Brenda's album Banish The Blue Days has received a superlative review from Rocking Magpie
Listen to Banish The Blue Days on Soundcloud
Classy and Easy On The Ear Jazzy-Folk .
This album was first recorded and released in 2008 but subsequently becoming a part-time band member and full-time wife of Northern Irish singer-songwriter Bap Kennedy, it has lain dormant ever since; which is a damn shame.
Brenda Kennedy is an accomplished bass player in her husband’s band and also a purveyor of exquisite harmonies on his recordings; I had no idea she had actually recorded an album of her own.
The album opens with some swish Gypsy Jazz fiddle and guitar before Brenda comes in with a sweet, easy going ‘dinner Jazz’ vocal style; reminiscent of Julie London and later there are a few trumpet breaks that come straight out of the Chet Baker play book. Banish The Blue Days is actually quite a deep song played out to a lovely melody; which took me by surprise when I dug a little deeper under the surface than usual.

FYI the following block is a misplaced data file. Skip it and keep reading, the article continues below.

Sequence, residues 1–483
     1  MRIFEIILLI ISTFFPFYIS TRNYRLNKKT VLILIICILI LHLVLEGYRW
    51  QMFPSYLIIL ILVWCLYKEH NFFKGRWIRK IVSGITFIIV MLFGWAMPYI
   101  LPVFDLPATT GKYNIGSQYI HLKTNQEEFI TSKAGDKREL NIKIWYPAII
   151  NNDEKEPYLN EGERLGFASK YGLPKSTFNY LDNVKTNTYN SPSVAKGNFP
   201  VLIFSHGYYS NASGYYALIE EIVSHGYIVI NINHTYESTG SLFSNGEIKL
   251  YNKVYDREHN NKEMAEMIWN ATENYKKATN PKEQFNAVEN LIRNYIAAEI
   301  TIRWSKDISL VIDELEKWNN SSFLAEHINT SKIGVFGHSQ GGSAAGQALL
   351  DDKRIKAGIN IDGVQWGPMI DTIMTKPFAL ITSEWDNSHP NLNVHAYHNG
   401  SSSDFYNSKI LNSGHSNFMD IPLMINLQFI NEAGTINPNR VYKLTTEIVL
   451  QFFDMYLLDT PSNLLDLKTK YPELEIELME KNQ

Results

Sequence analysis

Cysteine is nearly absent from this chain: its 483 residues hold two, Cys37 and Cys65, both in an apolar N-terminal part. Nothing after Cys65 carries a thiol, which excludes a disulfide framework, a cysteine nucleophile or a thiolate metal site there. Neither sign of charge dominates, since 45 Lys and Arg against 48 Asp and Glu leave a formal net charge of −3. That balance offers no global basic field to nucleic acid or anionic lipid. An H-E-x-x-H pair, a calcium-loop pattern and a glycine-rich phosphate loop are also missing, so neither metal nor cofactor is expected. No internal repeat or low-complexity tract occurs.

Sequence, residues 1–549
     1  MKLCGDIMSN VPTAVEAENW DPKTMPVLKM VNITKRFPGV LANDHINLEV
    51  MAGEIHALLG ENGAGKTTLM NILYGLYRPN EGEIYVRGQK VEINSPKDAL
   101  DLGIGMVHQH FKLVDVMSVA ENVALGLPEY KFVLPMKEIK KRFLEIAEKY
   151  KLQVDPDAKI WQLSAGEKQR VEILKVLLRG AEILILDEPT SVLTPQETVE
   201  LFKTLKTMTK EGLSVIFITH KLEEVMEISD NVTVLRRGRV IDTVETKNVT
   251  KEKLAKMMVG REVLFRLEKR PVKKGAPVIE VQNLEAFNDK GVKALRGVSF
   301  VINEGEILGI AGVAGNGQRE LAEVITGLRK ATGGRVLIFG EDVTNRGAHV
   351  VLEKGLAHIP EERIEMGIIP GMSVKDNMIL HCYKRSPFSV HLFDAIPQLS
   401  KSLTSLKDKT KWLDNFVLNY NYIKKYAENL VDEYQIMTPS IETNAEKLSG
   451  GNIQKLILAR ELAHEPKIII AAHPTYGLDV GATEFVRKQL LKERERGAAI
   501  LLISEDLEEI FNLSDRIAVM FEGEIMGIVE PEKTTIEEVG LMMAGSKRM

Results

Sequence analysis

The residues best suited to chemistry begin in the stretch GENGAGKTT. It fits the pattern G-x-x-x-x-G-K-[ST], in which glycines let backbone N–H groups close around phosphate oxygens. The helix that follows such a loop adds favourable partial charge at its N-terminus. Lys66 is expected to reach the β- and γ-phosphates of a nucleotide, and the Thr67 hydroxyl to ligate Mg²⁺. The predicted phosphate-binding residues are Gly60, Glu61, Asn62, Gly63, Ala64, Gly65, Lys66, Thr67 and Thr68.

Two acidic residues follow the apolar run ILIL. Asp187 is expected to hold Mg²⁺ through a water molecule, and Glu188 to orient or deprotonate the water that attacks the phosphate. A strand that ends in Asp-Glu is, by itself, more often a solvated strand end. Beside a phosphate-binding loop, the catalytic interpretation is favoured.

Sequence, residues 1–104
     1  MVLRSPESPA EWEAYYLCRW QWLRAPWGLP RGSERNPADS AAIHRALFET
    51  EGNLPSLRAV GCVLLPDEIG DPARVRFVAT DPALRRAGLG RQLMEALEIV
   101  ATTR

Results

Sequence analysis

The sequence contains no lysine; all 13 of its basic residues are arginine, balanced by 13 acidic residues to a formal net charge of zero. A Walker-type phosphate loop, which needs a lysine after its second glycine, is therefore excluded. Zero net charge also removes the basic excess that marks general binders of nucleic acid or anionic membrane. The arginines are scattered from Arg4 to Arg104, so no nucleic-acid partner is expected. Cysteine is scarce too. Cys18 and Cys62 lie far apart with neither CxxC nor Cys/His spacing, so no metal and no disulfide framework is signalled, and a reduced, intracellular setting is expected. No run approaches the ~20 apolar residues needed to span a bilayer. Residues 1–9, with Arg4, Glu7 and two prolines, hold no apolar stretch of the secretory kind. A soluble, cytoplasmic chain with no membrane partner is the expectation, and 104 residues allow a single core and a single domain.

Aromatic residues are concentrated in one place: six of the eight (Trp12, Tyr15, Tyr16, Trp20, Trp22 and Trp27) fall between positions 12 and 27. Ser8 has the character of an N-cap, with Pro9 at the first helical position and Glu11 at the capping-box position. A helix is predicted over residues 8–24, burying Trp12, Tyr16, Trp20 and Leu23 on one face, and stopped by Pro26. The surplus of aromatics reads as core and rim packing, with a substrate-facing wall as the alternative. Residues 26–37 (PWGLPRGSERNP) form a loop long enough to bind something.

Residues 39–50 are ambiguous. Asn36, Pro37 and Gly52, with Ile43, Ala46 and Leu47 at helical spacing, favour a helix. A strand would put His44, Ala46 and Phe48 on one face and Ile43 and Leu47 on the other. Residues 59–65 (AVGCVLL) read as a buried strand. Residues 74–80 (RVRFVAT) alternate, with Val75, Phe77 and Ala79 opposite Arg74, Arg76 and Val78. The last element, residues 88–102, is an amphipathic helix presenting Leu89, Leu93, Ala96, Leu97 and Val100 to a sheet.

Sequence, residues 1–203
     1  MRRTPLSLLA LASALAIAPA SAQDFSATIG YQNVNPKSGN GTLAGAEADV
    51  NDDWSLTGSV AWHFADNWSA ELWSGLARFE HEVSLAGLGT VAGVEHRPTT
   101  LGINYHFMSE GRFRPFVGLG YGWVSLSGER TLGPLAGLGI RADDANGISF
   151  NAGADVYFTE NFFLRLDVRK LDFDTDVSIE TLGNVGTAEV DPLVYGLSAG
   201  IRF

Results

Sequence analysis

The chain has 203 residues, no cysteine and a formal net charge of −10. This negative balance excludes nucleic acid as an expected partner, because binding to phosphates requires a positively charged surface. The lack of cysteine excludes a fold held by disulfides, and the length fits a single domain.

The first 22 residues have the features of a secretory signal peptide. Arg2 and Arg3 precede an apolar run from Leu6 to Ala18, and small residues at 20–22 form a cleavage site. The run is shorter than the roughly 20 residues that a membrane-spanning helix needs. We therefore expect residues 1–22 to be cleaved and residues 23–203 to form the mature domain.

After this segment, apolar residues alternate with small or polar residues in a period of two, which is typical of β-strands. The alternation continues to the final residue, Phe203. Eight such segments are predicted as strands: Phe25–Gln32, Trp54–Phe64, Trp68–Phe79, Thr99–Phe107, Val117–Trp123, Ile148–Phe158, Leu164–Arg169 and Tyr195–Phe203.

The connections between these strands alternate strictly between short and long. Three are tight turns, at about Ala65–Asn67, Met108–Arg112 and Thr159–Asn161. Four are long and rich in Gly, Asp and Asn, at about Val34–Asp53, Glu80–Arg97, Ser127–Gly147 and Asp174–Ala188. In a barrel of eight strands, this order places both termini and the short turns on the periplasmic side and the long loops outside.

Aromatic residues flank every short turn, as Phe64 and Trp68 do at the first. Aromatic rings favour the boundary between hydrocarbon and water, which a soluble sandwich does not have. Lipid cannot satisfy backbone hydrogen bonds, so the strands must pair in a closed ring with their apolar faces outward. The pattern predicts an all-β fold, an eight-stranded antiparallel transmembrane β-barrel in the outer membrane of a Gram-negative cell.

Even on the first play I had a lump in my throat listening to Angel of My Heart. A mother singing to her child as Rod McVey gently plays a piano; is heart rendering especially as the lyrics err on the side of the child ‘not being perfect’ to others; but a Mother’s love knows no boundaries.
Brenda’s Irish-Folk Roots show on the Celtic Love song, Macushla. Images of mist swept valleys, ice cold rivers and a maiden being swept off her feet by a returning lover are conjured up as the singer’s voice sounds like a pearl wrapped in velvet.
Her voice sounds close to breaking on Drink to Me Only and I’m sure the sad story will touch the hearts of many who listen.
Never an album you can dance to; Brenda somehow manages to keep her saddest songs for the tail end; with I’m Sorry being not just a heartbreaker but a tale of making a heart actually crumble at the end of a once loving relationship.
Then the pace slightly picks up, as a maudlin accordion and brushed drums accompany Brenda on the lovely finale Moonshine on the Lake, with its echoes of Cara Dillon and Thea Gilmore.
While all of the songs have their Roots in Folk Music; this is far from being a Folk album. It manages to straddle several genres including light-Jazz and even a smidgen of Country music here and there, but it’s always a singer-songwriter telling stories; and I heartily recommend this album to anyone with a heart.
Banish The Blue Days
Lonely Street Discs